Smoking With Aaron Teel
by Tara Laskowski
In the very first line, the mom says, "You're a single soul spit in two." I actually had a few readers email me to point out we had a typo in that line. However, I defended it, saying that the mom was drunk and misspoke. So set the record straight: does she say "spit" because she's drunk, or have we been holding fast to a typo all these weeks?
Art by Eleanor Leonne Bennett
When it first went up I was surprised to see it that way, and I thought about asking you guys to change it to ďsplit,Ē but then I came to the same conclusion you did, and I kind of fell in love with the sound of it. It was unintentional though, so I guess the short answer is that your readers were right, itís a typo.
Many of the stories I've read of yours, including this one, seem to be strong one-scene stories that are character driven. Is that true of your latest collection Shampoo Horns? Can you tell us a bit about how you put that collection together?
Shampoo Horns is a collection of flash, so in that regard each piece centers on a single scene or image, but they also add up to a larger narrative when read together. Theyíre all told from the point of view of a single character, a kid named Cherry Tree growing up in a trailer park in Texas. It started out as a series of non-fiction flashes that were first published in 2007 and got some positive attention. The finished version is largely fiction, but itís still reflective of my own experience, as close to a memoir as Iíll probably get.
How did this story begin for you—did you go with the idea of clichés first, or did you start writing these characters and the idea of clichés emerged from that?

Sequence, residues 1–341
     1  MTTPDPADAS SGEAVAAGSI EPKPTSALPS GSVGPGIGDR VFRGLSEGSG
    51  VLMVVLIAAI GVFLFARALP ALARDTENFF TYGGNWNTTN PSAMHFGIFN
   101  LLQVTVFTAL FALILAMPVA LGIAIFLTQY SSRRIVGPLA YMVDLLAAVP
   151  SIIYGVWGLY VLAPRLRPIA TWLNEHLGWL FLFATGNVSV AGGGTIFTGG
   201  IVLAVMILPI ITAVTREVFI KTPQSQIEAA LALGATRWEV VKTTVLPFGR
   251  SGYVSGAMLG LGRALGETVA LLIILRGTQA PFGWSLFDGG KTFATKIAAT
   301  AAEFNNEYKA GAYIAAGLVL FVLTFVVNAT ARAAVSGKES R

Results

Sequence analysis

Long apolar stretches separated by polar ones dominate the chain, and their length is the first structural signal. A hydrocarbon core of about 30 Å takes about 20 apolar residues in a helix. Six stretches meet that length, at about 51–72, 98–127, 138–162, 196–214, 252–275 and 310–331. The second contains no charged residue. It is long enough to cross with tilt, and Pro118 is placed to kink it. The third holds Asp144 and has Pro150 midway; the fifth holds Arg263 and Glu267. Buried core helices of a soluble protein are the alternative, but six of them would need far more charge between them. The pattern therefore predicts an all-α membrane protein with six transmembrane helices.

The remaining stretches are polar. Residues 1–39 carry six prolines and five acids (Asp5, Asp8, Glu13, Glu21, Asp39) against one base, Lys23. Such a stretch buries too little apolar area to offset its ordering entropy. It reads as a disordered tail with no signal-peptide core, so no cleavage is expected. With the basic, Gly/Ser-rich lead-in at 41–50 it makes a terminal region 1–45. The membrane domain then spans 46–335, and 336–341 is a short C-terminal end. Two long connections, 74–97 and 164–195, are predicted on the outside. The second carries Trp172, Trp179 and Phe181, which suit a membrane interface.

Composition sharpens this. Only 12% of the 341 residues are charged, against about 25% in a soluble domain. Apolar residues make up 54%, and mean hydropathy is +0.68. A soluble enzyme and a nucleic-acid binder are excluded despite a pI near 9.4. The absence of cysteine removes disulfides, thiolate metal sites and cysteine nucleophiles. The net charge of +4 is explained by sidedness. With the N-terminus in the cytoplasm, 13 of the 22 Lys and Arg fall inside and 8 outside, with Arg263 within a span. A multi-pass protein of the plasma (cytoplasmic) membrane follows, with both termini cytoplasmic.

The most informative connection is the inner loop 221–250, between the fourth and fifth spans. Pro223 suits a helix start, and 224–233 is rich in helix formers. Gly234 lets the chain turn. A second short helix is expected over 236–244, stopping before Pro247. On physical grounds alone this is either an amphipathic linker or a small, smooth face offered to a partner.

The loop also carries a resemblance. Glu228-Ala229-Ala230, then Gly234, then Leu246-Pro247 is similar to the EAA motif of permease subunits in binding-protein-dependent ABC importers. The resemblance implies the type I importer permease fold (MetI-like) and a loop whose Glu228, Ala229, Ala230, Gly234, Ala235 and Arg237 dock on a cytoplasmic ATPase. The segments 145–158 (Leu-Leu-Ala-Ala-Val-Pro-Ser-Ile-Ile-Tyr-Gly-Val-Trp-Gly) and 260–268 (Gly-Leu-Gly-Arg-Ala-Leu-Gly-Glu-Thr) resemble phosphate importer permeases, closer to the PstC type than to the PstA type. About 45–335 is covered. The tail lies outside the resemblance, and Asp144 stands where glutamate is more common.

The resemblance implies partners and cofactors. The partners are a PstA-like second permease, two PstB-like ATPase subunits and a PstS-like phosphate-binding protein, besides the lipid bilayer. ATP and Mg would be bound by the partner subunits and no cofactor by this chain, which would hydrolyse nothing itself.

ďDonít speak in clichés,Ē is something I heard a mother say to her son at a restaurant. Heíd said he was so hungry he could eat a horse, and she reprimanded him, so he sat quietly for half a minute, thinking, and then said he was so hungry he could eat an elephant. I liked the idea of a mother not wanting her child to use phrases like that, but the literal notion of trying not to speak in clichés is really just a frame for this kind of revealing little watershed moment between a mother and her twin sons.
If I were to force you to write another story about these characters, set ten years forward in time, what has become of them?
Iíve actually written several stories about them. The twins are the main characters in another collection of linked flash Iím working on now called Pop Gun War that follows them over several years. So Iíll just say that they keep struggling and kicking against each other but never end up very far apart. Thereís another piece about them called ďHow To DisappearĒ over at Monkeybicycle.
What's next for Aaron Teel?
Iím a high school teacher, so Iím back at work now, but Iíve been doing readings all over the place for Shampoo Horns. There are still a few left. Iíll be at the Sunday Salon series in Chicago on September 30th. You can see all the dates, get info on the book, and lots of other fun stuff at www.aaron-teel.com.
Eleanor Leonne Bennett is a 16-year-old internationally award-winning artist who has won first places with National Geographic, The World Photography Organisation, Nature's Best Photography and Postal Heritage. Her photography has been published in the Telegraph, The Guardian, BBC News web site and on the cover of books and magazines in the United States and Canada. She was also the only person from the UK to have her work displayed in the National Geographic and Airbus run "See The Bigger Picture" global exhibition tour with the United Nations International Year Of Biodiversity 2010.
Issue Thirty-Seven (September 24, 2012):
Two Boyfriends by Simon Barker «»
Two Days in American History by Patrick Allen Carberry «»
What I Told God by Sarah Carson «»
Partners by Simon Jacobs «»
Wreck by Will Kaufman «»
Keep It Down by Harry Leeds «»
Ants by Lindsey Gates Markel «»
Quantifiable Consequence by Adam Padgett «»
The Temperature At Which Paper Burns by Young Rader «»
Bad Traffic by Matt Rowan «»
Clearings by Joseph Spece «»
Texas Vs. London by Jon Steinhagen «»
Clichés by Aaron Teel «»
When I Was Twenty-Three by Dan Townsend «»
Revived by Eugenio Volpe «»
Jalapeno Summer by Ryan Werner «»
A Collector by Bess Winter «»
Simon Barker «»
Patrick Allen Carberry «»
Sarah Carson «»
Simon Jacobs «»
Will Kaufman «»
Harry Leeds «»
Lindsey Gates Markel «»
Adam Padgett «»
Young Rader «»
Matt Rowan «»
Joseph Spece «»
Jon Steinhagen «»
Aaron Teel «»
Dan Townsend «»
Eugenio Volpe «»
Ryan Werner «»
Bess Winter «»
Cover Art by Jennifer B. Hudson «»
Letter From the Editor
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